GSOC Week 7

Continuing with the previous week’s work, I wrapped the methods using nested data structures like dict & list, overloaded methods and LibCppTest attributes containing raw pointers. I wrote additional tests to check the wrappers associated with above cases.

I also did some refactoring to enable the user to pass any integer argument without the need of explicit conversion (for e.g. passing 1 instead of “1L” or “as.integer(1)”). This is because R stores any integer type number as double by default.

Wrapping python dictionary as named list in R.

Currently, dictionary is wrapped as a named list where the name(like the key in python) is confined as a character type only. This means, a key will always be stored after being casted to character and we lose information about its type. Also, apart from the basic data types like integer, numeric and logical we cannot use any other object as name in our list as it would be impossible to convert it back to its original type unlike the primitve types.

The below code demonstrates the conversion of a python dict as a named list in R :

> dict <- reticulate::py_dict(c(42L,12L),c(2.0,1.0))
> dict
{42: 2.0, 12: 1.0}
> named_list <- py_to_r(dict)
> named_list
[1] 2

[1] 1

> names(named_list)
[1] "42" "12"

We also need to be careful if the function requires a dict where the key is bytes, as reticulate does not convert byte type.

> py_builtin <- reticulate::import_builtins()
> dict <- reticulate::py_dict(c(py_builtin$bytes('foo','utf-8')),c("bar"))
> dict
{b'foo': 'bar'}
> reticulate::py_to_r(dict)
[1] "bar"
> dict <- py_eval("dict(zip([k.decode('utf-8') for k in r.dict.keys()],r.dict.values()))")
> dict
[1] "bar"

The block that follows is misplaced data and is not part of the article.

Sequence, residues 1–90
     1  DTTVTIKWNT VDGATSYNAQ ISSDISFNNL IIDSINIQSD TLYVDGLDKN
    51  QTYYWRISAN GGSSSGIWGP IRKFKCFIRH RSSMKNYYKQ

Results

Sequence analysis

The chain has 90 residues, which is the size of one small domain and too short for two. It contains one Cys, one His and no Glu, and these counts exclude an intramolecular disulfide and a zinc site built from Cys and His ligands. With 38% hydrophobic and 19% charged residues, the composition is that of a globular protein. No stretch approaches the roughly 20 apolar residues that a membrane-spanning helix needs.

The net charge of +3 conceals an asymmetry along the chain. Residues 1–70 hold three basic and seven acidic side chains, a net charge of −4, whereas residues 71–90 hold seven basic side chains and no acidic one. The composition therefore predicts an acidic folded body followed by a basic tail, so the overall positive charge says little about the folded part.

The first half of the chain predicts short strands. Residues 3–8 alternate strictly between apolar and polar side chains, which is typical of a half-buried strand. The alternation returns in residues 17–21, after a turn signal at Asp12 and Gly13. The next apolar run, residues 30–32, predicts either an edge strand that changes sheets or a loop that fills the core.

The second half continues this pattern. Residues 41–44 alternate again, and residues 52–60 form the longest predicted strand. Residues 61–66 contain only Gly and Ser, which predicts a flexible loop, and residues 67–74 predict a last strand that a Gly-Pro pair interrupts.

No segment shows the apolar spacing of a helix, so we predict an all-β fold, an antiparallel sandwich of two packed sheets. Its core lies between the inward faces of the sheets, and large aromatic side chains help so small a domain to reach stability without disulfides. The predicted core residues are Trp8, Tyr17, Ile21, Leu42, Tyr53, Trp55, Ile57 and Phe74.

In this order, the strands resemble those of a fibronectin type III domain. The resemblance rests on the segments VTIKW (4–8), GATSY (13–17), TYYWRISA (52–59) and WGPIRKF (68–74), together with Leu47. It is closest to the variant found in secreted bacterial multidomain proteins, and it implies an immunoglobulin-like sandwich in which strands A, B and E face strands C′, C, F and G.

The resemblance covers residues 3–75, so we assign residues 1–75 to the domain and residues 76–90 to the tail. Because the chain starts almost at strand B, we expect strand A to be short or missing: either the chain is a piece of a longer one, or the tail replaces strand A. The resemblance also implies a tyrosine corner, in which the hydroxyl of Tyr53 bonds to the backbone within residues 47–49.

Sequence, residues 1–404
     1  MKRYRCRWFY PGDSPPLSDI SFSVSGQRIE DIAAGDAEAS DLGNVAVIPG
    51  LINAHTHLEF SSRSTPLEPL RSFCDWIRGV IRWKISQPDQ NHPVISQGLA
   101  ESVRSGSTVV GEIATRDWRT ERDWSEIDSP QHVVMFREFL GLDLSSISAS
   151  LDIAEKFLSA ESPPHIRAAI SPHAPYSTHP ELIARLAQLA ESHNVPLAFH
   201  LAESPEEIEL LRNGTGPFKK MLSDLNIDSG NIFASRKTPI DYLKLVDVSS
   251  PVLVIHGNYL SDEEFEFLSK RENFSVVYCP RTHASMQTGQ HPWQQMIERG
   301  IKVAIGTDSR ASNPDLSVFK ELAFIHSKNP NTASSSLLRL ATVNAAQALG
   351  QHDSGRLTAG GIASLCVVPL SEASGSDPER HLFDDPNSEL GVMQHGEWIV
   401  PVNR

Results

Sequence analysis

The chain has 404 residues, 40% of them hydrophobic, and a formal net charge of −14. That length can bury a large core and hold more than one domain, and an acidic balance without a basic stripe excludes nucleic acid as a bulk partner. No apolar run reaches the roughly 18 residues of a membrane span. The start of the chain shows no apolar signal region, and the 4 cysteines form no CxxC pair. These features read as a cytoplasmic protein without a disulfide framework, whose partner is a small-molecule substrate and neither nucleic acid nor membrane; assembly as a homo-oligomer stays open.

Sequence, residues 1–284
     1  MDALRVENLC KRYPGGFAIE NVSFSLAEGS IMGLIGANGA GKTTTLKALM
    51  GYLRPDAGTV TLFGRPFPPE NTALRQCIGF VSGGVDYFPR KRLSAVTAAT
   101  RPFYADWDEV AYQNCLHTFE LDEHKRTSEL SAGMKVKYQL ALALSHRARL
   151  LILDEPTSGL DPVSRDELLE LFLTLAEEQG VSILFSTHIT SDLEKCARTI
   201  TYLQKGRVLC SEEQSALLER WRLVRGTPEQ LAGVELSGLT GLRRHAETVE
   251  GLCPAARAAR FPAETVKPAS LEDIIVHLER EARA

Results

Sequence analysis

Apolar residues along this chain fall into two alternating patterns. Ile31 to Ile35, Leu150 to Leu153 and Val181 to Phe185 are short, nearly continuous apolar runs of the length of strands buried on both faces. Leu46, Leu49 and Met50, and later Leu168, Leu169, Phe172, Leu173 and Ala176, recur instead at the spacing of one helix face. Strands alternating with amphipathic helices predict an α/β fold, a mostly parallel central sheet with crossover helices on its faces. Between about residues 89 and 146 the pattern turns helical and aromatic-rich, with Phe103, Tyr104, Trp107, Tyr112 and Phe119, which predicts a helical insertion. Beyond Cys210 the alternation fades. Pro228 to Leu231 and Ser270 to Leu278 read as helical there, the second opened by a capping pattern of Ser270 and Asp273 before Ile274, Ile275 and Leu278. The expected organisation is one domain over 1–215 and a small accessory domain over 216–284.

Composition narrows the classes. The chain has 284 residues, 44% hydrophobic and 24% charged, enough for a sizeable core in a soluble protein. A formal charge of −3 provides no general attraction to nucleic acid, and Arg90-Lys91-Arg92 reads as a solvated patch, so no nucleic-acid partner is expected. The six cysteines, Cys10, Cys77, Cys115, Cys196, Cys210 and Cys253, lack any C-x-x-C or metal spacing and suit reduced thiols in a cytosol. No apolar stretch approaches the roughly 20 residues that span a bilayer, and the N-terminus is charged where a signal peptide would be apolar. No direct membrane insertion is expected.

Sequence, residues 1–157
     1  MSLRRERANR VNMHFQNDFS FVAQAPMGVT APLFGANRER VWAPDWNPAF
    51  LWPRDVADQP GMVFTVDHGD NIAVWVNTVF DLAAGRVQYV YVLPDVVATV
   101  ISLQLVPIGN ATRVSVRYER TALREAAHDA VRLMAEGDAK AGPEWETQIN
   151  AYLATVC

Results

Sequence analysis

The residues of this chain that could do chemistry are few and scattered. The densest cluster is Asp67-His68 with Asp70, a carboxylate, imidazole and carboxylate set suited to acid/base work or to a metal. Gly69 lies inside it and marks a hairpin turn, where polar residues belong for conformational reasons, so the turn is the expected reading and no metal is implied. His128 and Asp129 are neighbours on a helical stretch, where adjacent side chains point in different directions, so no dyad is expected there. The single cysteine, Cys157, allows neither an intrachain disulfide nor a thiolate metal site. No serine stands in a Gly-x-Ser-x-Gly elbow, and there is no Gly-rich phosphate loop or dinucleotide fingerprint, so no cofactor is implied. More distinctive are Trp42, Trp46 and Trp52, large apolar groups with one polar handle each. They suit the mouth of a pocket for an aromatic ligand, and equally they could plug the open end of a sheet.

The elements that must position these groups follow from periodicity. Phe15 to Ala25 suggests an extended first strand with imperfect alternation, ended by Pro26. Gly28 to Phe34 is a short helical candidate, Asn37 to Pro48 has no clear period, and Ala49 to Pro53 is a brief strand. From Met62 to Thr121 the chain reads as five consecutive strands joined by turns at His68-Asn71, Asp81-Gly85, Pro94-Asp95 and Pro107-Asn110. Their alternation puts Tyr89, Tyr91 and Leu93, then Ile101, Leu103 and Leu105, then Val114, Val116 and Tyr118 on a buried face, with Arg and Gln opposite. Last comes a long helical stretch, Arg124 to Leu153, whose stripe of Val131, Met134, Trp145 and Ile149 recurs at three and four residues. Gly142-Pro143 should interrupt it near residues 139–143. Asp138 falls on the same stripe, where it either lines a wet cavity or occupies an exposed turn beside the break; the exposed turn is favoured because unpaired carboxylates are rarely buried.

> names(dict)
[1] "foo"

Here, notice that we first need to convert the bytes into string of the python dict, then only we get the name as character type correctly.

Nested Data Structures using primitive data type

Consider, the case when we have a nested python list of integer type.

> py_run_string("x = [[[1,2,3],[4,5,6]]]")
> py_eval("x")
[1] 1 2 3

[1] 4 5 6

The inner most structure of the converted list is a vector instead of list. This is because a homogeneous python list of primitive data type is converted as vector by reticulate. Although nothing is wrong with this conversion but as we can have nested data structure of any type in general, so, it would be better to return a nested data structure with list at each nesting level. This, ensures similar behaviour for any type of nested data structure.

For, example:

> purrr::modify_depth(py_eval("x"),2,as.list)
[1] 1

[1] 2

[1] 3

[1] 4

[1] 5

[1] 6

For all the cases, using nested data structure of primitive type, I have done hard-coding so that these data structures are returned with list at every level of depth.

Going Forward

I will start wrapping OpenMS and testing the bindings using the modified autowrap.

Written on July 23, 2020